As the Advent pilgrimage season continues, here’s some stunning photos from @martinrhartley’s Instagram feed. Martin seems to specialise in capturing Arctic expeditions and as well as these incredible images, his text is worth reading. He outlines how just standing still will kill you even though you might be in full protective gear, how an arctic explorer is also a mother of four in a classic “man pulling shed” shop, how clipping the corners off food packets and unnecessary zips and mosquito nets in a tent can save vital kilograms, and how salt leaches into the ice making it ironically very difficult to find ice to melt for drinking water. Fascinating and with no trace of self-pity.
Monsoon Rains, Monghyr, Bihar, 1967 by Raghubir Singh.
Wishing I could see the Met Breuer retrospective of Singh’s works, which is currently on, but condoning myself with a planned visit to the Science Museum’s show on Indian photography instead, which also looks cracking.
Tabasarn, in south-eastern Daghestan, spoken by about 90,000 has, I was once assured by a tipsy linguist, eight genders. Scholars, he assured me, enjoyed introducing new, unfamiliar objects to the Tamasars to see which gender might be assigned. Apparently a samovar was unanimously assigned to the seventh gender, though no one could say why.
A typically hitchhikers-guide-to-the-galaxy type intervention from this delightful book that talks you through the politics, landscape, history and languages of this region, along with a good smattering of rollicking travel tales (Tony’s friend Chris generally sleeping upright in his green sleeping bag like the caterpillar in Alice in Wonderland, and staring at the local cheese trying to decide whether it would make his hangover better or worse.)
Here’s some more on the local linguistic melting pot:
Many languages here have a prolix proliferation of cases: one analysis of Tsez identified forty-two different locative case markers, which can describe precisely what space someone or something is in, at, under, by, near, away from: a hollow space, a flat space, a space that might be a trifle uncomfortable or sadly lacking in alcohol…Abkhaz, a notoriously difficult language, has fifty-eight [consonants] ; one of its dialects, Bzyp, has sixty-seven…Essed Bey insisted that Tabarsarn was so difficult that the Tabasars…preferred to speak an easier, neighbouring tongue.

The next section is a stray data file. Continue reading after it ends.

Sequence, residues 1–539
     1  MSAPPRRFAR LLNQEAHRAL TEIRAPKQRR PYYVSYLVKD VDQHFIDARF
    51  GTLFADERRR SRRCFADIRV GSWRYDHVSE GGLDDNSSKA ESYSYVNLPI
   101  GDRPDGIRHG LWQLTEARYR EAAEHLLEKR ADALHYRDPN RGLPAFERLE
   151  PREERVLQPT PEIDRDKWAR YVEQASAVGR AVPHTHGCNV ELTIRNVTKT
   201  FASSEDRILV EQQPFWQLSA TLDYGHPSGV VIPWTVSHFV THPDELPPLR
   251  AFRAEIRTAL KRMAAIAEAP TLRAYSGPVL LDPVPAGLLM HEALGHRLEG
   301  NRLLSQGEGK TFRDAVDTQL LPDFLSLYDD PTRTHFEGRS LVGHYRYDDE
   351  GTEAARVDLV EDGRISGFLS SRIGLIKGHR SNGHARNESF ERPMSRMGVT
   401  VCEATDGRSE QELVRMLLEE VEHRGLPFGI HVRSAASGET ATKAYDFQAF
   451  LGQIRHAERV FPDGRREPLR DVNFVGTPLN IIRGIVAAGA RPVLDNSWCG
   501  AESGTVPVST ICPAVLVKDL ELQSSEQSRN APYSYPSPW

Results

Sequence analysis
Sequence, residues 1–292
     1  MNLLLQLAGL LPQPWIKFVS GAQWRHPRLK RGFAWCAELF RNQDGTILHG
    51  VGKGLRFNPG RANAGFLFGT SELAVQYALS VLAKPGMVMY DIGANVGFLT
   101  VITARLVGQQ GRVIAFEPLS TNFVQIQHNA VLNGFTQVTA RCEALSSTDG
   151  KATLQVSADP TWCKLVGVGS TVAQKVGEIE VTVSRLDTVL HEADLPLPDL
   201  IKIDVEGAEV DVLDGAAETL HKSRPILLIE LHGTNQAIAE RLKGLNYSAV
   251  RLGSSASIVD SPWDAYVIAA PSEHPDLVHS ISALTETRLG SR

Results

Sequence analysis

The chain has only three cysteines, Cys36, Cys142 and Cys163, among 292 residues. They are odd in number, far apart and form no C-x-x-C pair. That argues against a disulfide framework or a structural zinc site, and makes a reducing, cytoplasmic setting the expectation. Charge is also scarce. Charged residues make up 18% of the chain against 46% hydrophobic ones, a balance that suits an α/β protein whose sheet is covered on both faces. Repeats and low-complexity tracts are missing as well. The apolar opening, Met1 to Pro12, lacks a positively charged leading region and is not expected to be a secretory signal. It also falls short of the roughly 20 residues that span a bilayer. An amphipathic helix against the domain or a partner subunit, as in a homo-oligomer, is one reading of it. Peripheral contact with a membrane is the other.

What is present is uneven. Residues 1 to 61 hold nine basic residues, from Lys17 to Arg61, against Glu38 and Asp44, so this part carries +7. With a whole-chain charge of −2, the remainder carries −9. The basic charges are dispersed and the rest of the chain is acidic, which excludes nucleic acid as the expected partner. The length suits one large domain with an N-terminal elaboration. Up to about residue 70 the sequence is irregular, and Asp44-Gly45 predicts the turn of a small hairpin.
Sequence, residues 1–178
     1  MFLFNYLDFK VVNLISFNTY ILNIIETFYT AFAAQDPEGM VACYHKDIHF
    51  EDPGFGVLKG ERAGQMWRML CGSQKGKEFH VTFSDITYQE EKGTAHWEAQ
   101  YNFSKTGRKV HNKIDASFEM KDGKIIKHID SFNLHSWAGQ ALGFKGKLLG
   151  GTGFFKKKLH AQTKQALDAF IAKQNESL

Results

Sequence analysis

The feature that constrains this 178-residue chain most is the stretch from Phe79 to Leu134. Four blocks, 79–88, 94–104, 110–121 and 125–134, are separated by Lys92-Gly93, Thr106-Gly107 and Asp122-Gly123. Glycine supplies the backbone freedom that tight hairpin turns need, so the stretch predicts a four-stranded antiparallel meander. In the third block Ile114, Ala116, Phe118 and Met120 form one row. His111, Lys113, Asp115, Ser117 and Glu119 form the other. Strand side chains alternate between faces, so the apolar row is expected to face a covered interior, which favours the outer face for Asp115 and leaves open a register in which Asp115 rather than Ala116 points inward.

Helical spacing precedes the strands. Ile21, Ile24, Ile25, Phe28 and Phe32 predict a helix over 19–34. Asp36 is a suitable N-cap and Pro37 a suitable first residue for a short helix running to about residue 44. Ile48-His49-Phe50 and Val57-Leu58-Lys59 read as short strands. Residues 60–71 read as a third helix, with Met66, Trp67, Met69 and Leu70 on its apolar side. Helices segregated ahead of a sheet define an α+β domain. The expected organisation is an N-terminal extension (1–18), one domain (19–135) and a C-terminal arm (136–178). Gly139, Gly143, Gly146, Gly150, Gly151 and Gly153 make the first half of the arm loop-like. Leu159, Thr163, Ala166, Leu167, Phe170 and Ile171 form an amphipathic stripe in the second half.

Really enjoyed both this interview with Bridget, and Rachel Harrell’s illustrations for Bridget’s book The Secret Art of Being a Grown Up.
It covers everything from reasonable expectations to how to open champagne to going to bed on time (yes, it works).
Everyone would have their own list of life wisdom, but I liked Bridget’s calm tone and witty illustrations.
An interesting, witty and self-deprecating talk from Michael Bierut about the New York public libraries that don’t look like this.
I was searching for something else which will feature on the blog soon when I came across the blog Ornamental Passions, dedicated to noticing all those small details on buildings’ windowframes and doormantels, carved plaques and now-baffling statues that London teems with. To my delight, one of the first posts I read shed light on this statue that I often pass in Lincolns Inn Fields.
Beyond Belief is a BBC podcast and one of the best out there: a changing panel of experts debates for half an hour each week, intercut halfway through with “the view from the street”.
Thus a debate about whether you can enjoy CS Lewis without knowing the Christian and mythic subtexts to Narnia, and if he’d even get published nowadays (“I was asked to rewrite Pilgrim’s Progress without the Christianity, which I thought a bit much.”) was interspersed with a dad talking about writing a book to explain her Muslim heritage to her daughter. A panel talking about the symbolism of hair covered both young Sikh girls claiming the turban for themselves and an Afro-Carribean woman who took on dreadlocks and a whole lot of politics at once.
I’ve also listened to episodes on state-funded religion in Belgium, the effect of the Somme on religious belief and Magna Carta. Each debate is thoughtful, well-informed and intellectually provoking. In no way does it seek to convert or proselytize, but its discussion provides an intensely human experience, reminding us of the importance of having opinions and values, understanding where they came from and accepting others’ paths.
At seemingly random points across the composition (but not at all random in reality) the page is studded with tiny squares of gold leaf. These are the stars in the constellation depicted. The text, which runs to several pages, explains that the stars rotate ceaselessly between the celestial poles, and that these are guarded by the bears of Crete, who had protected Jupiter as a baby from his cannibalistic father, Saturn, in return for which they had been set in the sky to mark the poles. They are known as Helice of the seven stars and Cynosura, who has never deceived Phoenician sailors guided by her. Between them…runs a giant snake, like a river, with stars along its body…These are the constellations which we still know as Ursa Major and Ursa Minor, with the Plough.
Tantalising writing by Christopher de Hamel about the Leiden Aratea, here. Image from Medieval Fragments.